Homeschooling in South Carolina

Benefits of Homeschooling Your Kids

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The Advantages of Homeschooling Back to Top
Advantages and Disadvantages of Home Schooling
An honest look at the good and the bad of homeschooling.
Advantages of Homeschooling a Special Needs Child
When you have a special needs child, no public school will ever be able to fully cater to their needs. Private schools do exist for many types of special needs, but they can be expensive and often still not fully adapted to your child’s specific situation. Therefore, you might find yourself wondering how to get your child the education that they deserve in a format that works for them. Homeschooling a special needs child is a very advantageous choice for many parents who can afford the time and resources to do so. A homeschool program will allow children with special needs to have their specific needs addressed and also avoid many obstacles that they would face in a traditional classroom. When it comes to children with learning disabilities or other severe impairments, sometimes a parent who understands their special needs is the only one who can teach the child.
Benefits of Homeschooling
Why does homeschooling get rave reviews? Homeschooling brings families closer together, lets learning happen anywhere, anytime, and gives children the freedom to explore individual interests and tailored areas of study. Other benefits include allowing for shared learning experiences among siblings, exploring the world with field trips and learning adventures, and the opportunity to nurture and provide individual attention to your child.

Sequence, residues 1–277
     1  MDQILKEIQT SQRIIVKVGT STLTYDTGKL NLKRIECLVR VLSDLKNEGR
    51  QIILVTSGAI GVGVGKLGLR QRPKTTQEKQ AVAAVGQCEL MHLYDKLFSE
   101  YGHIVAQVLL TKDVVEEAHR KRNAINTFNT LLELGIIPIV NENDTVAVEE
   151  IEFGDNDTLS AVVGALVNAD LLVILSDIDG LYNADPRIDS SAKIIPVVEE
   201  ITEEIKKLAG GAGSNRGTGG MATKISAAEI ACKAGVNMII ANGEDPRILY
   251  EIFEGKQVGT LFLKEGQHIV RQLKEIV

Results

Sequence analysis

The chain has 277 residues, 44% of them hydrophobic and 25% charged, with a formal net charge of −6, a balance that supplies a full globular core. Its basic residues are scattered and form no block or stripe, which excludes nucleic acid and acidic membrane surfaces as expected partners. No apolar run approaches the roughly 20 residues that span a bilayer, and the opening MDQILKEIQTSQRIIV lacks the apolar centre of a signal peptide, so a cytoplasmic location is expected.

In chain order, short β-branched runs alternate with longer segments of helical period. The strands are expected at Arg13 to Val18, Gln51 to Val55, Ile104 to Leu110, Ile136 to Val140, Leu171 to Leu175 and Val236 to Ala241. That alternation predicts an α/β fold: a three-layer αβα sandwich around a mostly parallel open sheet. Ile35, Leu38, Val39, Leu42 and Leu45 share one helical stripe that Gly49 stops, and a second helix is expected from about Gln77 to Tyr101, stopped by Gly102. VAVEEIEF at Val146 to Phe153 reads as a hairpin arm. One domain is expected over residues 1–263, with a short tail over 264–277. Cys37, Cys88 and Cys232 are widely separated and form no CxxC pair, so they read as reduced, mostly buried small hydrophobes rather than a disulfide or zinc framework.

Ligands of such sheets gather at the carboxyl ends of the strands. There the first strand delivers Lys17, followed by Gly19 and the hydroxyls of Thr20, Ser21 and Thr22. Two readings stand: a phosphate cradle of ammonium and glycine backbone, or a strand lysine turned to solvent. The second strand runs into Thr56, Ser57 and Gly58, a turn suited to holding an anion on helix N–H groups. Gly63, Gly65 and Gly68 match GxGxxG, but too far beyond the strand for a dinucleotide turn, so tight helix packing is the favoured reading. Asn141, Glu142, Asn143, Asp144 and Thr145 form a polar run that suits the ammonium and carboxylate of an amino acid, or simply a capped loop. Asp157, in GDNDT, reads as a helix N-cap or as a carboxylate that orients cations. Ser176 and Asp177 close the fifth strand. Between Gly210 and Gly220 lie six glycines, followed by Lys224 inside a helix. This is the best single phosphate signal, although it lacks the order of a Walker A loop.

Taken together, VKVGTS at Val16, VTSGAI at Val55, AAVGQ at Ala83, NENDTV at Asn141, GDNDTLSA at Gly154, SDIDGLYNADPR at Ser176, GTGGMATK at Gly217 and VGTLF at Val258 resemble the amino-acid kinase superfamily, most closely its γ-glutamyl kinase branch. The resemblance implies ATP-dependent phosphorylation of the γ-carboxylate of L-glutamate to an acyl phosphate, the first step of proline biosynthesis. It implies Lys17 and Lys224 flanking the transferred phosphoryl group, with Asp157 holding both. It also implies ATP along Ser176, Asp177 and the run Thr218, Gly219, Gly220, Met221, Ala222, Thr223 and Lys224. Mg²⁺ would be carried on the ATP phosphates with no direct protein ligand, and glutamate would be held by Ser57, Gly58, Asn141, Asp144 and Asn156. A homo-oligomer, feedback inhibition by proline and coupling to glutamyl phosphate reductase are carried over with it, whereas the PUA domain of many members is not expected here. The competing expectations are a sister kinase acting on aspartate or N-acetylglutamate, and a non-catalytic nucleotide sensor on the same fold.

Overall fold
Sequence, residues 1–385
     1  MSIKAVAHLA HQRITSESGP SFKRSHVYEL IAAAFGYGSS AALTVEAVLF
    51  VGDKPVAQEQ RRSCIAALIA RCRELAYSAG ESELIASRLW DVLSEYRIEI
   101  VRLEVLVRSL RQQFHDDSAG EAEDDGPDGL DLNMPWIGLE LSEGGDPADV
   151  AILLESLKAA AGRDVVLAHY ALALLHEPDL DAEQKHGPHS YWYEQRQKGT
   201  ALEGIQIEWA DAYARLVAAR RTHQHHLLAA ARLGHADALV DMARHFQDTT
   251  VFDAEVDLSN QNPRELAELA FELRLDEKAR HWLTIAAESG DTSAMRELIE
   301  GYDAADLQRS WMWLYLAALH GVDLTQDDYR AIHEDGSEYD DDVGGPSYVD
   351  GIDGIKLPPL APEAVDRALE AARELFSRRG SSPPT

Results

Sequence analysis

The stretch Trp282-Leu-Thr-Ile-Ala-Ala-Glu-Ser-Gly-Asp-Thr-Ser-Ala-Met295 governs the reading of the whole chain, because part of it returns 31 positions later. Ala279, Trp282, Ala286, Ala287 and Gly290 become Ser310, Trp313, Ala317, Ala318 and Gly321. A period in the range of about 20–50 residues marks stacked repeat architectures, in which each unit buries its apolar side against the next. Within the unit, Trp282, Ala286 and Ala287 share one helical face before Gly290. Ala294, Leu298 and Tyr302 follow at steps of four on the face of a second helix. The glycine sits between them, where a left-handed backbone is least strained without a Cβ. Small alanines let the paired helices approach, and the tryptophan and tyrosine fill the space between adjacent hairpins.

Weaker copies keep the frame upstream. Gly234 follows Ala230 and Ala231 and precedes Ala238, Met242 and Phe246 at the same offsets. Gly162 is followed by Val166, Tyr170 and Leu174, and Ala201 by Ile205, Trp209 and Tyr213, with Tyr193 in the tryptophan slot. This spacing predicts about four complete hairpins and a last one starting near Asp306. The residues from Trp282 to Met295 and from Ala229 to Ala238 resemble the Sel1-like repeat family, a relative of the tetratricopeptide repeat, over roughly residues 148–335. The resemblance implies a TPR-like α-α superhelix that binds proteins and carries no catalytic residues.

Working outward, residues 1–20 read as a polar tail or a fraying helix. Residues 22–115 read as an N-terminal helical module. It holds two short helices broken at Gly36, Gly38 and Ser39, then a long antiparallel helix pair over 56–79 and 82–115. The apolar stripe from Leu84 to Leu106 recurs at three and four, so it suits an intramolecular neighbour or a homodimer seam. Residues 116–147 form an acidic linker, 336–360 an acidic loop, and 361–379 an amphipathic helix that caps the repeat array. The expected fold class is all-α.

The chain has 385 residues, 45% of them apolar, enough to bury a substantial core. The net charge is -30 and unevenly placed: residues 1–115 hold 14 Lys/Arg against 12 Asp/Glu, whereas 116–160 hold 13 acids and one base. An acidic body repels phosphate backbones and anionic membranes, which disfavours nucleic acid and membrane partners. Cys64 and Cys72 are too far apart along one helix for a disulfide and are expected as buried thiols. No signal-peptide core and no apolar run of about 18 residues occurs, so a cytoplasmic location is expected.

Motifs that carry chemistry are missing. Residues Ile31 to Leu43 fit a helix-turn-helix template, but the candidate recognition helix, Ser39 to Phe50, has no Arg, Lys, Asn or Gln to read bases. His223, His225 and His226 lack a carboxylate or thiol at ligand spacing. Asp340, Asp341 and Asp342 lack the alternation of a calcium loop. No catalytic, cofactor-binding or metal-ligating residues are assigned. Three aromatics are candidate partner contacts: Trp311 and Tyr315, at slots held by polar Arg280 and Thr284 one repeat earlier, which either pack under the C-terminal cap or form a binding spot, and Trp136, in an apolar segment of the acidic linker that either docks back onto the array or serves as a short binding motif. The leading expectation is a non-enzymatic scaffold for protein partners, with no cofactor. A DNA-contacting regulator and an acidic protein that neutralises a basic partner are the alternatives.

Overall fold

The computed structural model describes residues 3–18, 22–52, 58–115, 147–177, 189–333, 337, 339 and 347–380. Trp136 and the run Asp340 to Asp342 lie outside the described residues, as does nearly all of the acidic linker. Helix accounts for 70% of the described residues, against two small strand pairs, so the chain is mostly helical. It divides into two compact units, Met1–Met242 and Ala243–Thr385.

Homeschooling -- Advantages and Disadvantages
There are many different reasons why parents choose to home school. For them it seems the logical and best alternative to either public or private school education. As with any form of education, there are both advantages and disadvantages. Read more at http://schoolmoney.org/homeschooling-advantages-and-disadvantages/#CqXiP35peMvO7chr.99
Homeschooling Benefits: Children less preoccupied with peer acceptance
William R. Mattox Jr.
Most people who have never met a homeschooling family imagine that the kids are socially isolated. But some new research by Brian Ray of the National Home Education Research Institute suggests otherwise. Indeed, Ray's research helps to explain why the number of homeschoolers in America continues to grow. Ray reports the typical homeschooled child is involved in 5.2 social activities outside the home each week. These activities include afternoon and weekend programs with conventionally schooled kids, such as ballet classes, Little League teams, Scout troops, church groups and neighborhood play. They include midday field trips and cooperative learning programs organized by groups of homeschooling families. For example, some Washington, D.C., families run a homeschool drama troupe that performs at a local dinner theater. So, what most distinguishes a homeschooler's social life from that of a conventionally schooled child? Ray says homeschooled children tend to interact more with people of different ages.